Looking to step up your coffee game at home? Here’s a list of my favorite coffee gear

I’m not being paid by any of these companies to advertise for these products, these are my opinions about the products that I use personally.

Drip Brewer: Behmore Brazen Plus

Find it on Amazon.

This is the best drip brewer I’ve used. The biggest thing I love about it is the pre-infusion time. It adds a little bit to the brewing time overall, but in the end it creates a delicious cup of coffee. The only negative I’ve noticed is that it’s an 8-cup pot (translation for Americans and our 16-ounce mugs–it’s about 2.5 servings). For my husband and I it works perfectly, but if we have a crowd then it can be inconvenient.

My other highlight for this machine is that it actually gets the water to the proper boiling point, which is so critical in proper brewing. It’s even adjustable so you can play with it to get the perfect cup every time.

Grinder: Baratza Encore

Find it on Amazon.

This is an excellent entry-level burr grinder for when you’ve outgrown the inexpensive blade style grinders. I love this one because it’s very easy to use and it’s designed like a miniature commercial grinder. It’s built to last, so the idea is that you’ll replace parts instead of going again with a new grinder. I’ve had mine for 5 years and it’s still going strong, I haven’t even had to replace anything yet.

While I do really love this grinder, one thing I’ll mention is that like any burr grinder, it can get jammed. I noticed that mine seemed more likely to get jammed in the first 6 months of ownership, and now I don’t seem to have that problem anymore. The biggest thing you can do to prevent it from jamming is to not fill the ground bin (where the ground coffee comes out) all the way. In fact, the manufacturer seems to recommend that the highest you fill it is 2/3rds.

Pour Over: Hario V60

Find it on Amazon.

Hey, it’s cheap and the text on the box is in Chinese, but it makes a great pour over. The part I love, besides the fact that it’s cheap, is that it’s made of plastic. The way I do a pour over, I tend to do some agitation, and using a plastic one allows me to do this without burning myself. It’s also light so it doesn’t fall off your carafe or mug.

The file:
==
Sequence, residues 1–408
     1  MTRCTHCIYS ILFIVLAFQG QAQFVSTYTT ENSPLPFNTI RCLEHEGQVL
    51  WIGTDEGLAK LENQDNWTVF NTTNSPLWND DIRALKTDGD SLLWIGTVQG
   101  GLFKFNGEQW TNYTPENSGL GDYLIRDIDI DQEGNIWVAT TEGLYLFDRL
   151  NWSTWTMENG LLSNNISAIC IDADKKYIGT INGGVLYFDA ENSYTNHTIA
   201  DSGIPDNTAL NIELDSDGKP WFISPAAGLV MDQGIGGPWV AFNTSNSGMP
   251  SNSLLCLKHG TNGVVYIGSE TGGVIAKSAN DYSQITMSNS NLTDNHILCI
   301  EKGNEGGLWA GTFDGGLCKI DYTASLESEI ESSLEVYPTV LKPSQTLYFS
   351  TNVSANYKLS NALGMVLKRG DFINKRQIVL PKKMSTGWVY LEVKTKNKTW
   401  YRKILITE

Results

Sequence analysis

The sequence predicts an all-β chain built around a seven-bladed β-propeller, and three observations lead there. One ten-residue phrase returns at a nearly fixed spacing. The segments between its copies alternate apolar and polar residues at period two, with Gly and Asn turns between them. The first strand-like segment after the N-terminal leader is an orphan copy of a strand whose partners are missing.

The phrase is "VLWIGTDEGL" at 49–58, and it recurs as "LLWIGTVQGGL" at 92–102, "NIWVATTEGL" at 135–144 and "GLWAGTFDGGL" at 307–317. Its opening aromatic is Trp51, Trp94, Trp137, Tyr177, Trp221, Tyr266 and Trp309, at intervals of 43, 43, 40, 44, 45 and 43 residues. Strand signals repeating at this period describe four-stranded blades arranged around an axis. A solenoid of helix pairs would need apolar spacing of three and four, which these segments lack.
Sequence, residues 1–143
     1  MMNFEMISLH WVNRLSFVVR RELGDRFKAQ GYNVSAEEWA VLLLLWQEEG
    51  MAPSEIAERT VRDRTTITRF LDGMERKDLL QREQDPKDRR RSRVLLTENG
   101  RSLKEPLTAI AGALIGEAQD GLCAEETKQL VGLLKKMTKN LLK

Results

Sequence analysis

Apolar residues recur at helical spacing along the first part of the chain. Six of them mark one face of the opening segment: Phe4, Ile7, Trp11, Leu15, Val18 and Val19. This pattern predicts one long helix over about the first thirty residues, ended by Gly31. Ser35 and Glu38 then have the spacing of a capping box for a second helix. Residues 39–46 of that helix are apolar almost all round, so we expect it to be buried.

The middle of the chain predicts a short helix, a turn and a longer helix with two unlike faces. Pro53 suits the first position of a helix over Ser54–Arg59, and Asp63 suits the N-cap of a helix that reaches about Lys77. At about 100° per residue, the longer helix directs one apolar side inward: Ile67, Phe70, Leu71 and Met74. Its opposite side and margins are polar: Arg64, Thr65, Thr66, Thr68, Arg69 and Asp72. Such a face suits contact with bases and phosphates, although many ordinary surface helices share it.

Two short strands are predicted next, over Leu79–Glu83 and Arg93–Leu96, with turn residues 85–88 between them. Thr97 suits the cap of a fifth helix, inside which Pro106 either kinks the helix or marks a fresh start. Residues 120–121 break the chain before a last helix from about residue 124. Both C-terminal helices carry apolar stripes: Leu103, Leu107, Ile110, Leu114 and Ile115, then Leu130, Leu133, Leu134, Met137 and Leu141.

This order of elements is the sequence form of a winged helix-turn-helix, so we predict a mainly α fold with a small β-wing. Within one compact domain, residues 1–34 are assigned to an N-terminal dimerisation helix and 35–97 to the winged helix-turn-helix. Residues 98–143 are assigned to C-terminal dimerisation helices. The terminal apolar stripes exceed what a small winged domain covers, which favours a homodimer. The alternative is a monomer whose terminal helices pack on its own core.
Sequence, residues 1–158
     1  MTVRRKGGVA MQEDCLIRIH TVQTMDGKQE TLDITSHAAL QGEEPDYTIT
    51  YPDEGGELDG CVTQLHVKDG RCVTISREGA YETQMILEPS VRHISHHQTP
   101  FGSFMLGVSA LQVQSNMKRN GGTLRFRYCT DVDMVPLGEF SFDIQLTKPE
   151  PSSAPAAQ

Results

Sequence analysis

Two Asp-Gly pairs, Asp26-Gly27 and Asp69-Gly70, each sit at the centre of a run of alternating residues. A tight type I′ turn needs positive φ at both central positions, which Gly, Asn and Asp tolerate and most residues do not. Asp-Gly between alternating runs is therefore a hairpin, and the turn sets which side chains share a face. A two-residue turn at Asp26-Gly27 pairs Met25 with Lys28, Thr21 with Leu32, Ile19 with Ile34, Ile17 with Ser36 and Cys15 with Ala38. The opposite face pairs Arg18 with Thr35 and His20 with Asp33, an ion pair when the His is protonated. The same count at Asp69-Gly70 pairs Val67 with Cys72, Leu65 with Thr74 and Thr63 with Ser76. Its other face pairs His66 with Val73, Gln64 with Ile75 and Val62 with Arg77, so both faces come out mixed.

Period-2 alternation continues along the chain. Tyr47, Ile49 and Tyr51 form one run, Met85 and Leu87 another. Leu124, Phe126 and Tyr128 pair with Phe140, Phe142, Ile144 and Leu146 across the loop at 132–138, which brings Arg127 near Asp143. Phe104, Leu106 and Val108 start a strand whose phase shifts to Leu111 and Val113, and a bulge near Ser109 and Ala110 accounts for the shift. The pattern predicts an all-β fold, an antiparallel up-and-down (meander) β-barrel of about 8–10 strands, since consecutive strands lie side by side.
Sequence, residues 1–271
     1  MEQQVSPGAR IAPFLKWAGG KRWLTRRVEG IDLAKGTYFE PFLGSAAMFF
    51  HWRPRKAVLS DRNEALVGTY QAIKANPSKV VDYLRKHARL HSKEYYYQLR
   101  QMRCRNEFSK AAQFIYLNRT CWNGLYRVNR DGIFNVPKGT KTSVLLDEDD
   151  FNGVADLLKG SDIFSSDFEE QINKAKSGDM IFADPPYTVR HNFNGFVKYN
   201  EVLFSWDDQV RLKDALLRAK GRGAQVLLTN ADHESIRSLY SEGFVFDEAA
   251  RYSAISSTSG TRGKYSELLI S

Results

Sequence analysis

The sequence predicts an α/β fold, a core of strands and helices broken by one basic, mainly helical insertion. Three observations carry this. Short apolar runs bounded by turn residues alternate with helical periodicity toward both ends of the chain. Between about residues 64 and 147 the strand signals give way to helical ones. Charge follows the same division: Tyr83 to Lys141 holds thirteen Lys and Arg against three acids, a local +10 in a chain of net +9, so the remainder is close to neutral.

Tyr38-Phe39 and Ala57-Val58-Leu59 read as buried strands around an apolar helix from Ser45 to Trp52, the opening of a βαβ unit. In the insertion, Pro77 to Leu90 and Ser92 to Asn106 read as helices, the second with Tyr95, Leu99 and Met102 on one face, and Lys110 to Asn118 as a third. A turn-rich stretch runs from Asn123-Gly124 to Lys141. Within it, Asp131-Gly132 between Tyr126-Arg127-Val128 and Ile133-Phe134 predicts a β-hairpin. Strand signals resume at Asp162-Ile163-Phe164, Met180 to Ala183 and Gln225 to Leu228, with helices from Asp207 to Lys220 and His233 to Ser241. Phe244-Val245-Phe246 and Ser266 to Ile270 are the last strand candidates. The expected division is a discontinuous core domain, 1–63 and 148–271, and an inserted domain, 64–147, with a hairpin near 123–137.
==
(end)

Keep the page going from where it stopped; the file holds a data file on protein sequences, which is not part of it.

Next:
French Press: Primula 16-oz French Press

Find it on Amazon.

Ok, the truth is that the brand doesn’t make a huge difference on your French Press. But there are a couple of things that I do look for in a French Press.

Size. Don’t pay attention to the number of cups they advertise, pay attention to the number of ounces. French Presses are not typically made by American companies, so they don’t follow American sizing standards. This one for instance is 16-ounces and they claim 4 cups. This is a 1 mug French Press. If you want enough for 2 people, I suggest going up to a 34 ounce. I also have a 64 ounce for when we’re having more people over.

Material. My preference is glass because I really like to be able to see how much coffee is in there when I’m pouring, and how my coffee is developing during the brew. The argument against glass (typically the other option is stainless steel) is that it tends to lose heat more quickly. That’s one of the reasons why I use this 16 ounce one. It makes one cup at a time, so the heat loss isn’t a concern. This is personal preference.

Cost. To me, the right price to pay for a French Press is right around $20. You can go down as low as $10 and as high as $30. Below $10 and you’re looking at one that probably won’t last as long or doesn’t have an adequate filter. Higher than $30 and you’re just paying for aesthetics–which is ok, but just know that you’re probably not paying for higher quality. I’m going based on Amazon prices, you can probably end up paying more or less at other stores.

Espresso Maker: La Pavoni Manual Lever

Find it on Amazon.

Ok, obviously you don’t need to spend this much on an espresso maker. This is just what I use. I do own a coffee roasting company after all.

You can make a truly fabulous espresso drink out of one of these, but be ready for some extra work. Always grind right before pulling your shot, measure the espresso going into your shot (this one takes 14g), and learn to tamp evenly. This wouldn’t be the espresso maker you’d want to start with, but if you’ve had some experience and want to take your espresso game to the next level, it’s an excellent machine.

Do you have any favorite coffee gear that I didn’t mention? Leave us a comment!

Categories: CoffeeReviews